To give you an idea of the topics I’m covering in this book, here’s the chapter list:

  1. Introduction
  2. Contextualizing Data Protection
  3. Data Lifecycle
  4. Elements of a Protection System
  5. IT Governance and Data Protection
  6. Monitoring and Reporting
  7. Business Continuity
  8. Data Discovery
  9. Continuous Availability and Replication
  10. Snapshots
  11. Backup and Recovery
  12. The Cloud
  13. Deduplication
  14. Protecting Virtual Infrastructure
  15. Big Data
  16. Data Storage Protection
  17. Tape
  18. Converged Infrastructure
  19. Data Protection Service Catalogues
  20. Holistic Data Protection Strategies
  21. Data Recovery
  22. Choosing Protection Infrastructure
  23. The Impact of Flash on Data Protection
  24. In Closing

There’s a lot there – you’ll see the first eight chapters are not about technology, and for a good reason: you must have a grasp on the other bits before you can start considering everything else, otherwise you’re just doing point-solutions, and eventually just doing point-solutions will cost you more in time, money and risk than they give you in return.

I’m pleased to say that Data Protection: Ensuring Data Availability is released next month. You can find out more and order direct from the publisher, CRC Press, or order from Amazon, too. I hope you find it enjoyable.

ILP policies vs Backup Policies

 Architecture, Backup theory  Comments Off on ILP policies vs Backup Policies
May 152012
 

This post has moved to the Enterprise Systems Backup blog, and can be accessed here.

Sep 122009
 

In my opinion (and after all, this is my blog), there’s a fundamental misconception in the storage industry that backup is a part of Information Lifecycle Management (ILM).

My take is that backup has nothing to do with ILM. Backup instead belongs to a sister (or shadow) activity, Information Lifecycle Protection – ILP. The comparison between the two is somewhat analogous to the comparison I made in “Backup is a Production Activity” between operational production systems and infrastructure support production systems; that is, one is directly related to the operational aspects of the data, and the other exists to support the data.

Here’s an example of what Information Lifecycle Protection would look like:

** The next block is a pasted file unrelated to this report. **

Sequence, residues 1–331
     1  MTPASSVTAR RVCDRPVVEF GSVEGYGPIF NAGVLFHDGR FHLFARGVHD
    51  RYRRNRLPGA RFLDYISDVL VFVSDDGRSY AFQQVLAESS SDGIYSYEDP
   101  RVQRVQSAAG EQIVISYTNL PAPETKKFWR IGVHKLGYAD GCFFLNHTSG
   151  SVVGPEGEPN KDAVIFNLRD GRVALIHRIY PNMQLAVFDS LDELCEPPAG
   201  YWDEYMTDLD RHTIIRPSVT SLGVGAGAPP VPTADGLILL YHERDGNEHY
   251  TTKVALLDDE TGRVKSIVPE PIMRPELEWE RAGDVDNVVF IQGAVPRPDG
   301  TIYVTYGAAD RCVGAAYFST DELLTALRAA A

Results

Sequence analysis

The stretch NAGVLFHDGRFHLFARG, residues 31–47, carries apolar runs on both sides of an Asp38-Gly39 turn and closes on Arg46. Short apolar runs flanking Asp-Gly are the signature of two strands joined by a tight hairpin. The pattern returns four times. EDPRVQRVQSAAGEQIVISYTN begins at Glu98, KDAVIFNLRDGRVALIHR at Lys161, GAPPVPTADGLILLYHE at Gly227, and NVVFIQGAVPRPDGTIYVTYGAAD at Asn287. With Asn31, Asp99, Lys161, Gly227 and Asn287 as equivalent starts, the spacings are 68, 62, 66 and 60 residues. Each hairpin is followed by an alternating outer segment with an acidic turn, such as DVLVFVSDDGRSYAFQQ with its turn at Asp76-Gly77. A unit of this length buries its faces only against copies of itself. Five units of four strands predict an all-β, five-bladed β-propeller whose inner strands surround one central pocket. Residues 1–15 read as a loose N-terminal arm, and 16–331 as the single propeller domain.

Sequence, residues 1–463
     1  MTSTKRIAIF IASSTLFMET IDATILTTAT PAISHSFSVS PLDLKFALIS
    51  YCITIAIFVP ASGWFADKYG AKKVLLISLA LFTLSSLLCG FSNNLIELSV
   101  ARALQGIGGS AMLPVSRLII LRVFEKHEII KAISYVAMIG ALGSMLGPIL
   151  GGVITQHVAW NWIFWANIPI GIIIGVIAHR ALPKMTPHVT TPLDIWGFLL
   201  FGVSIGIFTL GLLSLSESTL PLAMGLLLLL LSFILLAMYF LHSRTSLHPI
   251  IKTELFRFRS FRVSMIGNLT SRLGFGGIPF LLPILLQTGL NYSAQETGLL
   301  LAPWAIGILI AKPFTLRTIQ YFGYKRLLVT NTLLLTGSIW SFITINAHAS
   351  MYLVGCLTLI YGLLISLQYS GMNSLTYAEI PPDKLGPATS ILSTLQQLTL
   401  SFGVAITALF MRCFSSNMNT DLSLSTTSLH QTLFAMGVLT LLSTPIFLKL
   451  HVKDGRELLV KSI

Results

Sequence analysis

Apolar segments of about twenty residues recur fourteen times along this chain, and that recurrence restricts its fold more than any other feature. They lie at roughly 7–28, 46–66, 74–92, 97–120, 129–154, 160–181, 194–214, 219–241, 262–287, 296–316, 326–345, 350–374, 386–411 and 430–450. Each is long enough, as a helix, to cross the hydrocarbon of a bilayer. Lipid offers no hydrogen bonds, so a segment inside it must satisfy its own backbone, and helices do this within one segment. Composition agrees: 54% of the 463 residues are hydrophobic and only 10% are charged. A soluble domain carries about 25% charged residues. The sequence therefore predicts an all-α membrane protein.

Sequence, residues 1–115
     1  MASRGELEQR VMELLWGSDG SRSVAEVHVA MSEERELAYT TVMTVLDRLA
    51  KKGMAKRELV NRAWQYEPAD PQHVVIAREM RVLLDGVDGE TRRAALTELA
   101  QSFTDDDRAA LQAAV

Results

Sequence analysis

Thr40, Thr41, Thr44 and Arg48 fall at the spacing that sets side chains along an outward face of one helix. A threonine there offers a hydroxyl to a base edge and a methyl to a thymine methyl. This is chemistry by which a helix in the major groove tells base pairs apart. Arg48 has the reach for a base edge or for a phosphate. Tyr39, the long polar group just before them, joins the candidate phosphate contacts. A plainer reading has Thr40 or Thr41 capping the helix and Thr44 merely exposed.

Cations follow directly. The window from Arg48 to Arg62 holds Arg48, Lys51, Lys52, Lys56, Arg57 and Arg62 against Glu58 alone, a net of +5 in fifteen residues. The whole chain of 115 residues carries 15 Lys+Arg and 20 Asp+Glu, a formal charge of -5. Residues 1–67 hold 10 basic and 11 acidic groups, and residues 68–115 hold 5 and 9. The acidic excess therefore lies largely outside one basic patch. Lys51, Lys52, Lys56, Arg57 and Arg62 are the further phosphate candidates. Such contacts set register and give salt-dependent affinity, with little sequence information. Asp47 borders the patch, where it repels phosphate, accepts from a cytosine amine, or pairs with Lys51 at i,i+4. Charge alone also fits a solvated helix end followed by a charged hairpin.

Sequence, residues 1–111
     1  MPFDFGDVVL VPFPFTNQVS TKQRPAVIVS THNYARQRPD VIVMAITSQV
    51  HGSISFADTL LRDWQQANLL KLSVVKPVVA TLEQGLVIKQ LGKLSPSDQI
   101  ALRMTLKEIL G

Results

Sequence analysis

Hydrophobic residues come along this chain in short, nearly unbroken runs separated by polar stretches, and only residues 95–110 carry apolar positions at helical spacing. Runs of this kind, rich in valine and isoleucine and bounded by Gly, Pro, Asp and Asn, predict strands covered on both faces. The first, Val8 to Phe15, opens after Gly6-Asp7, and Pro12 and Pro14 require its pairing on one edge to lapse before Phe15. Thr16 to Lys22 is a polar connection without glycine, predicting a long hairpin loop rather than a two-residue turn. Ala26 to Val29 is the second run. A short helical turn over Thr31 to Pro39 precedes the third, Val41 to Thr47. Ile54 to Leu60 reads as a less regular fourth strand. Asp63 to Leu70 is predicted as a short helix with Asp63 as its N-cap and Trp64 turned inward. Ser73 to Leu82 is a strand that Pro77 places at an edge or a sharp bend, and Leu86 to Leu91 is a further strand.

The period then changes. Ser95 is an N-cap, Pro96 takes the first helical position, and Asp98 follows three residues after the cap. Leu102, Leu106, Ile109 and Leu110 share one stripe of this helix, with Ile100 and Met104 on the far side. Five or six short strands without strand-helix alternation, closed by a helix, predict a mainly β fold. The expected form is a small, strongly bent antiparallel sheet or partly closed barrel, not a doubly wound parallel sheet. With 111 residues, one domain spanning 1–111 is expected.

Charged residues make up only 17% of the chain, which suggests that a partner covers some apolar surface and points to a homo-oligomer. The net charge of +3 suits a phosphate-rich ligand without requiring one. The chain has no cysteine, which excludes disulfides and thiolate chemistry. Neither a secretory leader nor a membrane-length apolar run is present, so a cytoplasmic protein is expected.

Information Lifecycle Protection

Information Lifecycle Protection

Obviously there’s some simplification going on in the above diagram – for instance, I’ve encapsulated any online storage based fault-protection into “RAID”, but it does serve to get the basic message across.

If we look at say, Wikipedia’s entry on Information Lifecycle Management, backup is mentioned as being part of the operational aspects of ILM – this is actually a fairly standard definition of the perceived position of backup within ILM; however, standard definition or not, I have to disagree.

At its heart, ILM is about ensuring correct access and lifecycle retention policies for data: neither of these core principles encapsulate the activities in information lifecycle protection. ILP on the other hand is about making sure the data remains available to meet the ILM policies. If you think this is a fine distinction to make, you’re not necessarily wrong. My point is not that there’s a huge difference, but there’s an important difference.

To me, it all boils down to a fundamental need to separate access from protection/availability, and the reason I like to maintain this separation is how it affects end users, and the level of awareness they need to have for it. In their day-to-day activities, users should have an awareness of ILM – they should know what they can and can’t access, they should know what they can and can’t delete, and they should know where they will need to access data from. They shouldn’t however need to concern themselves with RAID, they shouldn’t need to concern themselves with snapshots, they shouldn’t need to concern themselves with replication, and they shouldn’t need to concern themselves with backup.

NOTE: I do, in my book, make it quite clear that end users have a role in backup in that they must know that backup doesn’t represent a blank cheque for them to delete data willy-nilly, and that they should know how to request a recovery; however, in their day to day job activities, backups should not play a part in what they do.

Ultimately, that’s my distinction: ILM is about activities that end-users do, and ILP is about activities that are done for end-users.